Appeal from the United States District Court for the Southern District of Indiana, Indianapolis Division. No. IP 74-448-C - William E. Steckler, Judge.
Cummings, Circuit Judge, Miller, Associate Judge,*fn* and Tone, Circuit Judge.
The issue before us, broadly stated, is the liability of an excess public liability insurance carrier when the personal injury claimant has settled with the insured and the primary carrier for less than the amount of the primary coverage. The District Court held that the excess carrier's liability was extinguished by the settlement. We agree and affirm the judgment.
Robert O. Lay was killed in a motor vehicle accident involving a truck owned by International Comador of Memphis, Inc. At the time of the accident, Comador had two liability policies, the primary one with Canal Insurance Company having a limit of bodily injury liability of $100,000 as to each injured person for a single occurrence, and the excess policy with United States Fire Insurance Company having a limit of liability of $1,000,000 for each occurrence for a loss in excess of the primary limits.
In anticipation of a wrongful death action, Canal, the primary insurer, negotiated a settlement with the decedent's administratrix and widow, Judith A. Lay. The settlement agreement provided that the primary insurer would pay the administratrix only $70,000 of its $100,000 primary policy limit. The administratrix released the primary insurer from any further payment as a result of any judgment. In the event of a judgment in excess of $100,000, the primary insurer and Comador were to "be given credit" of $100,000 on the judgment "and any verdict or judgment in excess of . . . ($100,000.00) . . . will be marked satisfied within available insurance coverages." The agreement recited that except for the "credit" of $100,000 against any judgment obtained by the administratrix against Comador "or uninsured amounts in excess thereof," it was not the intention of the parties to release any claims the administratrix had against parties other than Canal.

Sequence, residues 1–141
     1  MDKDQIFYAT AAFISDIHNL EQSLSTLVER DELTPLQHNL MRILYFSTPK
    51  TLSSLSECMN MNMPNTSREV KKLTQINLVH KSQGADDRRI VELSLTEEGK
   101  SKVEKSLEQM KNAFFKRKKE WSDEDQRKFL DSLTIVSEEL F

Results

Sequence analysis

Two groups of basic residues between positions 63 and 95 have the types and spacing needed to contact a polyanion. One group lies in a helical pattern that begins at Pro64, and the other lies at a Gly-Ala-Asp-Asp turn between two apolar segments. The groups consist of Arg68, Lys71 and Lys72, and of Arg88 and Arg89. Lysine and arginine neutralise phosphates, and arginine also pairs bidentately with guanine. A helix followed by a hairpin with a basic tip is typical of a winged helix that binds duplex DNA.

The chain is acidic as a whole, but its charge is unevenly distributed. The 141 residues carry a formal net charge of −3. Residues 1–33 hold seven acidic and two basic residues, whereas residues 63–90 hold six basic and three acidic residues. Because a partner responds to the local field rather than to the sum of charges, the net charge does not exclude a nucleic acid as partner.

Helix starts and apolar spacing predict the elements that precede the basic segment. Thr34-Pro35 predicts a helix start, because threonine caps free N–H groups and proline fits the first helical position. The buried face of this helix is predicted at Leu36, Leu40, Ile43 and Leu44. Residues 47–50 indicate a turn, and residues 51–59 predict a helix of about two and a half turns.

Subsequently the administratrix filed a wrongful death action against Comador, which the primary insurer defended on behalf of Comador. The parties presented, and the court entered, an agreed judgment in the amount of $150,000 in favor of the administratrix and against Comador to be satisfied out of available insurance proceeds only, with credit given to the primary insurer in the amount of $100,000.
The United States Fire Insurance Company, the excess carrier, had knowledge of and participated in the negotiations surrounding the agreed judgment entry but was not a party to that agreement. In a separate agreement with the administratrix and Comador, United States Fire reserved its right to contend that it had no liability. The District Court found, and we agree, that the excess carrier had not waived its right, and was not estopped, to dispute its obligation to pay the unsatisfied portion of the judgment. The appellant does not contend otherwise.
After the entry of the agreed judgment, the excess carrier commenced this declaratory judgment action against the administratrix, the primary insurer, and the insured, seeking a declaration that it was not liable for any part of the judgment. The parties submitted the case for decision upon a written record. The court entered a judgment declaring that the excess carrier was not liable.*fn1
The undertaking of the excess carrier is stated in Article I of its policy entitled "Coverage":
The Company agrees to indemnify the insured for ultimate net loss in excess of the retained limit hereinafter stated, which the insured may sustain by reason of the liability imposed upon the insured by law, or assumed by the insured under contract:
(a) Personal Injury Liability. For damages, including damages for care and loss of services, because of personal injury including death at any time resulting therefrom, sustained by any person or persons.
The term "ultimate net loss" is defined elsewhere in the policy to mean
(1) All sums which the insured, or any company as his insurer, or both become legally obligated to pay as damages, whether by reason of adjudication or ...